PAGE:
WASHINGTON — Senate leaders released a short-term funding bill Tuesday that would keep the government open until November 17 with time ticking to Saturday’s midnight deadline.
The bill was agreed to in terms by the Democratic majority and Republican minority and includes $6 billion in aid to Ukraine and $6 billion in emergency FEMA funding for disaster relief.
If the resolution passes the Senate, it remains unclear if the Republican-led House will approve it as several extreme Republicans have held firm that they will not approve any more funding for Ukraine. They also oppose a short-term bill and agree on sharp spending cuts.
House Speaker Kevin McCarthy (R-Calif.) did not say if the House would agree on a Senate-passed bill to avoid a shutdown.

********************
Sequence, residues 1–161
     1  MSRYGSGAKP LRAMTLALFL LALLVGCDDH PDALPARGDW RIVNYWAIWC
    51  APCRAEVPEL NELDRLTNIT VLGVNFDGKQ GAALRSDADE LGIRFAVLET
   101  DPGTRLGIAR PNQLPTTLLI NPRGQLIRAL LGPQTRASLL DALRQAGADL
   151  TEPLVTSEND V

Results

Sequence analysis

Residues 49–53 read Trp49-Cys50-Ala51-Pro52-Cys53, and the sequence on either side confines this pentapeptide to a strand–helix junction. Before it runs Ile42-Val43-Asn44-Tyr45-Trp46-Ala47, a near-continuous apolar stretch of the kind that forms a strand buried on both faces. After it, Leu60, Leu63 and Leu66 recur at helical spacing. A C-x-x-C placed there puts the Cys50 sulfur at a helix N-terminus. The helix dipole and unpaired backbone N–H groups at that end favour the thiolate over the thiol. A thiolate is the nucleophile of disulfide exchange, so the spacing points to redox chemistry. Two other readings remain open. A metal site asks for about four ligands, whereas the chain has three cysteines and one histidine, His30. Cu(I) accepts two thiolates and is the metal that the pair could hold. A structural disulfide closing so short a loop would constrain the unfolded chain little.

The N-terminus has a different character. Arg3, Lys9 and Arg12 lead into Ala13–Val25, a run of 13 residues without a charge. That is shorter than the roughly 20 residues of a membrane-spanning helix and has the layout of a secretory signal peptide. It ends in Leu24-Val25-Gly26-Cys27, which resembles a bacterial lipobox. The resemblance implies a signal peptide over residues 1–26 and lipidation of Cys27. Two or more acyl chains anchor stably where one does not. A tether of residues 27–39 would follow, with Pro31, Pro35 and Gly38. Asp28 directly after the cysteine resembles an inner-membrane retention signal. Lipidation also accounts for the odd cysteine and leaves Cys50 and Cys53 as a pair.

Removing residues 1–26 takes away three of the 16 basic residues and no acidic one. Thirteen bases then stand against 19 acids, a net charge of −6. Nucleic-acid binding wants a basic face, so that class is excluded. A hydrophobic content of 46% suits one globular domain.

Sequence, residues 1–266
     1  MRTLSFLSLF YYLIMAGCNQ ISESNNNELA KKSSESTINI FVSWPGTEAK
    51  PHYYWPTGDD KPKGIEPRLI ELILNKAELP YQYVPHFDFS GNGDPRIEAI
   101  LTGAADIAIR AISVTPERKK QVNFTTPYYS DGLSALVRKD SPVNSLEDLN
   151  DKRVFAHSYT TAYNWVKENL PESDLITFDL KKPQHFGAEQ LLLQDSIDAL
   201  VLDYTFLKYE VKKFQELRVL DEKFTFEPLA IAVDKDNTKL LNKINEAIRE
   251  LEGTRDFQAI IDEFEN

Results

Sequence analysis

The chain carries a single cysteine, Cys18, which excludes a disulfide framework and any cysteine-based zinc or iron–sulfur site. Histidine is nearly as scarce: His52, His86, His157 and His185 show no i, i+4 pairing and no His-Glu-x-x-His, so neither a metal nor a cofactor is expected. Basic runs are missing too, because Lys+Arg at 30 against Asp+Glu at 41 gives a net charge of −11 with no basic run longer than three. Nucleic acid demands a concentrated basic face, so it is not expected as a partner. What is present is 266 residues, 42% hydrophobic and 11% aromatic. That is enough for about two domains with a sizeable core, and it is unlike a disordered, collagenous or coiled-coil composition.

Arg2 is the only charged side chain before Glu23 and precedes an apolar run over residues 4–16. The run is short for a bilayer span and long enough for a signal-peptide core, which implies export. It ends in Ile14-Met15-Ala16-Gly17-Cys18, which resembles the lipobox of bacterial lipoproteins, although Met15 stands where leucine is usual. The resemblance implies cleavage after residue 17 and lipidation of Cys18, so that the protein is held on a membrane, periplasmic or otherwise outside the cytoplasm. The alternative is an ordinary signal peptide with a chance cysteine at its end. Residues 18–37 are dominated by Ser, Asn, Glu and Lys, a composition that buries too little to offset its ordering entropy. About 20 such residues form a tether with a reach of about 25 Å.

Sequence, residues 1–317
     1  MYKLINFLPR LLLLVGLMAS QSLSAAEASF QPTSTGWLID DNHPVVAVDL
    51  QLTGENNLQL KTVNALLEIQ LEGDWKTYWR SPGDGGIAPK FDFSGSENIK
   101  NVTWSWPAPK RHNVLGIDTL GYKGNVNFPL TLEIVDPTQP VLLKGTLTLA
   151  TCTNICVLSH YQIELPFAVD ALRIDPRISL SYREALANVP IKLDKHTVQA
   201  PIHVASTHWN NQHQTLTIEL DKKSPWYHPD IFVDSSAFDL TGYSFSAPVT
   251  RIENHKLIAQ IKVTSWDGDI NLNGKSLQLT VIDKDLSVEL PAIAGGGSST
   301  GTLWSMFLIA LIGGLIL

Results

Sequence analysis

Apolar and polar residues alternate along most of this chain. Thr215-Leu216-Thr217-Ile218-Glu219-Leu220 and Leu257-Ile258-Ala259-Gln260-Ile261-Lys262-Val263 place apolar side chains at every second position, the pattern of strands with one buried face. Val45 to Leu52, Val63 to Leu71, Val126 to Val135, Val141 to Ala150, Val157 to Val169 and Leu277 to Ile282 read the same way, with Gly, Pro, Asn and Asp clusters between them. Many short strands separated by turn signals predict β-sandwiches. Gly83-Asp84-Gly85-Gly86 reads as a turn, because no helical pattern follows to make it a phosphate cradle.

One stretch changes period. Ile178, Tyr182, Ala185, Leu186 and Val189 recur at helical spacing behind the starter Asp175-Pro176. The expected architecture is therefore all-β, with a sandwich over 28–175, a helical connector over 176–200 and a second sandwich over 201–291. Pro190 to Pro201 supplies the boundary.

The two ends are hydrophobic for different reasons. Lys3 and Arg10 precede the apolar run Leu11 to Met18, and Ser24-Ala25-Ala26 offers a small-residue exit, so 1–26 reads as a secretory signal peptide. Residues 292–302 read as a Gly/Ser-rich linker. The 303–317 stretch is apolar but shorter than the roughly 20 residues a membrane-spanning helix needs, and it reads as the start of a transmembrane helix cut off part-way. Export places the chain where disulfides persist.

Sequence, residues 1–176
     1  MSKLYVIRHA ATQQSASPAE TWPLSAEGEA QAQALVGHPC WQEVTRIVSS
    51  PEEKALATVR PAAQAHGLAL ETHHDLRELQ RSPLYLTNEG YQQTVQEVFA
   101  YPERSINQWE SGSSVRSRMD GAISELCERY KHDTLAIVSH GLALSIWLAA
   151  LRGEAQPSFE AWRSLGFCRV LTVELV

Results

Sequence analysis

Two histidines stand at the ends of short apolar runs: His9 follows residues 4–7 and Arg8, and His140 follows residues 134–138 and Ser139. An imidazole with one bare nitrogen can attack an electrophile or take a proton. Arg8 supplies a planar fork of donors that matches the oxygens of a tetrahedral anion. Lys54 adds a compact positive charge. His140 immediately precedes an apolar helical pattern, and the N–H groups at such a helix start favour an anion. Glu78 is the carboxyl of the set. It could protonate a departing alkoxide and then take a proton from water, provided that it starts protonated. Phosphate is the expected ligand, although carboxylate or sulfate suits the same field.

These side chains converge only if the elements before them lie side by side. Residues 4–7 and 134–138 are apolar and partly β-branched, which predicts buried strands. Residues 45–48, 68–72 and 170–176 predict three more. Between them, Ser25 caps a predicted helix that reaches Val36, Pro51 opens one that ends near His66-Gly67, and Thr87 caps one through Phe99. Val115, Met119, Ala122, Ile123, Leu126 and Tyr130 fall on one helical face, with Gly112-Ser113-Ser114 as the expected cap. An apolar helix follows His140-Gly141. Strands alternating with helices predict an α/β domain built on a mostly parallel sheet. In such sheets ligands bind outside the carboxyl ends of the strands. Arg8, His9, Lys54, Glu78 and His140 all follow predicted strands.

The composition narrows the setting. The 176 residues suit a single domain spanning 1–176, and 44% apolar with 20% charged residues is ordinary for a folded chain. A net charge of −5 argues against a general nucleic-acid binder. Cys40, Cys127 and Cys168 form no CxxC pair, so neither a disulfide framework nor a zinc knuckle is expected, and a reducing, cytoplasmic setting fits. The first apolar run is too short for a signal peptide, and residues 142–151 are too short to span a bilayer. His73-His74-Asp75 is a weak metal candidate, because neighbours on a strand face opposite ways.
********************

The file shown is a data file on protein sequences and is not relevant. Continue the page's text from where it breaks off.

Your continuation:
“I’m not going to take up hypotheticals of someday dreaming the Senate is going to do something,” he said. “When they do something come back and ask me about something.”
Senate Majority Leader Chuck Schumer (D-N.Y.) promised a vote on the Senate floor on Tuesday and called for the bill to pass and minority leader Mitch McConnell also agreed to pass the resolution.
“Make no mistake, a shutdown would be a terrible outcome for the country despite what some on the hard right would have us ludicrously believe it’s hard for me to believe that some — the extreme right in the other chamber say they actually want a shutdown. What insanity,” Schumer said.
“Over the years I’ve been pretty clear in my view that government shutdowns are bad news whichever way you look at them,” McConnell said. “They don’t work as political bargaining chips, they create unnecessary hardships for millions of Americans.”